By using a set of dental implants Melbourne, a denture can be permanently anchored into place. They expose the function and practicality of the standard dentures with the comfort and sense of permanence that comes along with implants. It’s no wonder that stabilising dentures as a procedure is increasing in popularity. In this article, some of the common questions that surround it are answered!
How many implants will be needed?
Exactly how many implants are needed will vary on a case to case basis; x-rays and CT scans will be performed as part of the preparation for stabilising dentures. All efforts will be made to perform the procedure with as few implants as possible to promote faster healing and faster loading times. How many may be necessary in your case is hard to predict before proper screening and assessments are made.
Will I need any preparatory surgery?
There are surgeries that can be performed in preparation for implants but they are not standard practice. They are used to increase the success rates in patients who, because of their medical history or state of health, have a lower chance of successful implantation. If you have tried to receive dental implants before and been rejected as medically unsuitable, there is a good chance that you will require preparatory surgery.
Sometimes, this can be avoided by making lifestyle changes or altering prescriptions.
How long will it take?
Treatment is split over two sessions; the first session is heavily dependent on the number of implants you require. It is then followed by a 4 to 12 months recovery period to allow the titanium components to become fully integrated with your jawbone; this has to be confirmed by x-ray or CT scan before they can be loaded with the denture in the second session.
So, the overall time is dependent on your recovery rates and rate of bone growth.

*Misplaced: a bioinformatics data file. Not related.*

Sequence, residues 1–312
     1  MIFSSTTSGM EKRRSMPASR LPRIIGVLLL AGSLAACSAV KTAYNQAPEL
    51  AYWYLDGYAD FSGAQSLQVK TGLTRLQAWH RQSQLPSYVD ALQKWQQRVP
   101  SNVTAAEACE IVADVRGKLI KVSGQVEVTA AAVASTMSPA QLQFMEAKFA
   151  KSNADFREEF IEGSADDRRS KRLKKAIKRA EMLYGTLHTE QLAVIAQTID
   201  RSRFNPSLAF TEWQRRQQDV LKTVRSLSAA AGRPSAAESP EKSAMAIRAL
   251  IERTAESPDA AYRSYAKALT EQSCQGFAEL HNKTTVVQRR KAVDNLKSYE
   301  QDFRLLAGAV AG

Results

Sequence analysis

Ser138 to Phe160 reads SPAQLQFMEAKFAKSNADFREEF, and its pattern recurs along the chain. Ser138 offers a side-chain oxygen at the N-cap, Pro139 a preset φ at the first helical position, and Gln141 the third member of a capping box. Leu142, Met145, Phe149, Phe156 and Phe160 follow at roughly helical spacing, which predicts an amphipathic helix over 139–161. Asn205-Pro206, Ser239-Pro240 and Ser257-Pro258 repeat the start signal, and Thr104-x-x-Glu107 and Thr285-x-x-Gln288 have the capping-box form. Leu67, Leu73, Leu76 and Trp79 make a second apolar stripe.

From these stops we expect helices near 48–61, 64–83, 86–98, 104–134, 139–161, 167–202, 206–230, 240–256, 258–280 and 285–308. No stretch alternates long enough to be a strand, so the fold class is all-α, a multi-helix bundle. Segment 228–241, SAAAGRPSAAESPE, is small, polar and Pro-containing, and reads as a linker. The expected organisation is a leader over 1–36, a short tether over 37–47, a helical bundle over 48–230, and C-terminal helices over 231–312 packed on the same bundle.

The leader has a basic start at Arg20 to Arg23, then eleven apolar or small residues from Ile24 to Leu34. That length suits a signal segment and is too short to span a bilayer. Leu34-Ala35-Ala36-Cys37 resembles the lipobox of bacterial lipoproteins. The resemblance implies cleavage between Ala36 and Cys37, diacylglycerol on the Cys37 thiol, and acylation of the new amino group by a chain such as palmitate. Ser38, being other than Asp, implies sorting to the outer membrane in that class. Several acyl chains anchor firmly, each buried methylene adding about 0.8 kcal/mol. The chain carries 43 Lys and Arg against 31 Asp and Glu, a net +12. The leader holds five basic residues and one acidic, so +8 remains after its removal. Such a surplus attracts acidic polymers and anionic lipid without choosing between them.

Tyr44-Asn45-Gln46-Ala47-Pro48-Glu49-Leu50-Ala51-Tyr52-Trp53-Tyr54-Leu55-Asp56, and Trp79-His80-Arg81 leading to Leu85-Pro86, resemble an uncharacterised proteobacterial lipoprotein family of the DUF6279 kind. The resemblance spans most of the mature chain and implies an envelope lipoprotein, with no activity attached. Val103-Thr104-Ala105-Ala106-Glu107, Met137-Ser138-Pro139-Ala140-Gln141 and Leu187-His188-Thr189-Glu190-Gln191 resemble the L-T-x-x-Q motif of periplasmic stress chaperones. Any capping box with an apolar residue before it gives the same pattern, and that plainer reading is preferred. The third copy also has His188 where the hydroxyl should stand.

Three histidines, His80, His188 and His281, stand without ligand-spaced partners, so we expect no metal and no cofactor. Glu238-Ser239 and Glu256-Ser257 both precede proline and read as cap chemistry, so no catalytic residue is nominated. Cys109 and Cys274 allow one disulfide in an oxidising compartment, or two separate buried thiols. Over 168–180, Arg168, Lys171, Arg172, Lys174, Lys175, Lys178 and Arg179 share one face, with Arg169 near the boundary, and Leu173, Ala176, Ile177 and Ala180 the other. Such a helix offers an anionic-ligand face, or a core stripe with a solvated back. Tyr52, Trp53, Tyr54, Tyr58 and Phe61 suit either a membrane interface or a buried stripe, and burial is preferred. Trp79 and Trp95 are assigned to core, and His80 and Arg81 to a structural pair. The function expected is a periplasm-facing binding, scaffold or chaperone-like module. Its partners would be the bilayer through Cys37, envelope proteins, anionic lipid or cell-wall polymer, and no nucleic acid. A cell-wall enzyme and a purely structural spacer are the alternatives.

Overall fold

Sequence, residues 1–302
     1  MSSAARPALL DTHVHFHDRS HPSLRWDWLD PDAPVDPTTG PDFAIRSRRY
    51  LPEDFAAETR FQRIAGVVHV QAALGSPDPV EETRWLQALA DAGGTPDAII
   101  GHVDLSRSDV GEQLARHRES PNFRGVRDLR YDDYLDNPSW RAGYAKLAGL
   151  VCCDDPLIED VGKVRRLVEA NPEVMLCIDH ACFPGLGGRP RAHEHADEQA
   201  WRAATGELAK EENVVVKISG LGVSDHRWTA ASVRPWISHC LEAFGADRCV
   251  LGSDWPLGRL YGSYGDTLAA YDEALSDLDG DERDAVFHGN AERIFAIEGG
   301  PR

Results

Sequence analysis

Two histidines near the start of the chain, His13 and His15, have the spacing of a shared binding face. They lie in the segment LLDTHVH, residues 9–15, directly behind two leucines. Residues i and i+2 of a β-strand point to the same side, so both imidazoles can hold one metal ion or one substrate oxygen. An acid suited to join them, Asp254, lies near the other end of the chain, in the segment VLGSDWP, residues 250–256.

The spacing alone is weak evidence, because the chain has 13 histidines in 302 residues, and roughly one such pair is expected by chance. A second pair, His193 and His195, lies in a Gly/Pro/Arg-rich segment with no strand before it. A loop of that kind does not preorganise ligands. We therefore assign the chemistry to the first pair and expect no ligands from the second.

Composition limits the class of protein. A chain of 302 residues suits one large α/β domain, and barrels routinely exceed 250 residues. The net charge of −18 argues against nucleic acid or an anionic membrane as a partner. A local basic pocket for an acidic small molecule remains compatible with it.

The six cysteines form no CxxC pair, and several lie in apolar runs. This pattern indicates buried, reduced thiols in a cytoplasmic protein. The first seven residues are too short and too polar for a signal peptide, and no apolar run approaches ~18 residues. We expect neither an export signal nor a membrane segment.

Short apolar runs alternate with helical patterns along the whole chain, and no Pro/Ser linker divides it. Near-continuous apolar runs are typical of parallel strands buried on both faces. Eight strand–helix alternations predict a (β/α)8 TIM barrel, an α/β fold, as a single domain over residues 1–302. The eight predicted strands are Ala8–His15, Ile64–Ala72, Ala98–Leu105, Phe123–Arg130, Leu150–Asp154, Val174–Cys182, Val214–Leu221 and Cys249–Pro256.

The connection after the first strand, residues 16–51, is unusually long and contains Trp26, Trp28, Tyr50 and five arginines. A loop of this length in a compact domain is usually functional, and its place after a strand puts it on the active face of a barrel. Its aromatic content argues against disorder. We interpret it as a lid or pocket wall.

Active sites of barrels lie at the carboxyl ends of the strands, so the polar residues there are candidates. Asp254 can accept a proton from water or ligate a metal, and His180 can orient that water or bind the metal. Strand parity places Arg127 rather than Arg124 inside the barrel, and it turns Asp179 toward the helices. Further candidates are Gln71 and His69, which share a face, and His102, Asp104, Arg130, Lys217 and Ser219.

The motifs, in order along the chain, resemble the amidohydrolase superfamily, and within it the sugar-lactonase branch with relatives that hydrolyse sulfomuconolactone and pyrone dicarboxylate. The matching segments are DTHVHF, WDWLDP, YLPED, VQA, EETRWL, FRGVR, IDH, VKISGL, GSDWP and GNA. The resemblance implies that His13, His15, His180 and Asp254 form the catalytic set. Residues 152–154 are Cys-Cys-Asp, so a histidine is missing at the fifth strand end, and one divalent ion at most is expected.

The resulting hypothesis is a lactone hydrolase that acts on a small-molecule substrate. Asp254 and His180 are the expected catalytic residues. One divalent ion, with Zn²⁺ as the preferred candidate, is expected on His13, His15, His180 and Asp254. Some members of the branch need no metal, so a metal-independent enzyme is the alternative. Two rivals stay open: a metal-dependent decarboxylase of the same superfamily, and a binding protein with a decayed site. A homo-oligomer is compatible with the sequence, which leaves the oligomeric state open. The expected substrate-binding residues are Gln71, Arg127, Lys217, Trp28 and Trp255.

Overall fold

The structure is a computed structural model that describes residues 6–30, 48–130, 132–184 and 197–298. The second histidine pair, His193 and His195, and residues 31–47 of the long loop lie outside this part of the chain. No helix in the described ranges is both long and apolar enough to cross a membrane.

Is it painful? What are the sedation options?
Implantation is a fairly invasive process, and although it is not uncomfortable, the nature of having to open a patient’s gum and drill into the jawbone is quite disconcerting. The use of IV or twilight sedation has made implantation more palatable; this allows a patient to remain at ease during the procedure and can prevent them from remembering the details of the procedure afterwards. However, the patient will still be conscious, compliant and responsive to questions throughout the procedure, allowing communication to be maintained. This is the best of both worlds as it allows the dentist to get feedback from the patient and the patient to remain calm and not have to relive any memories of the procedure.
The active ingredient in IV sedation is very well tolerated with a large therapeutic index, and it is uncommon to have allergic reactions to it. What has made it so popular in the local clinic is the low respiratory depression. IV sedation does not reduce the patient’s breathing rate and is used in operating theatres under the supervision of an anesthesiologist.
Any surgical or invasive procedure carries risks. Before proceeding, you should seek a second opinion from an appropriately qualified health practitioner.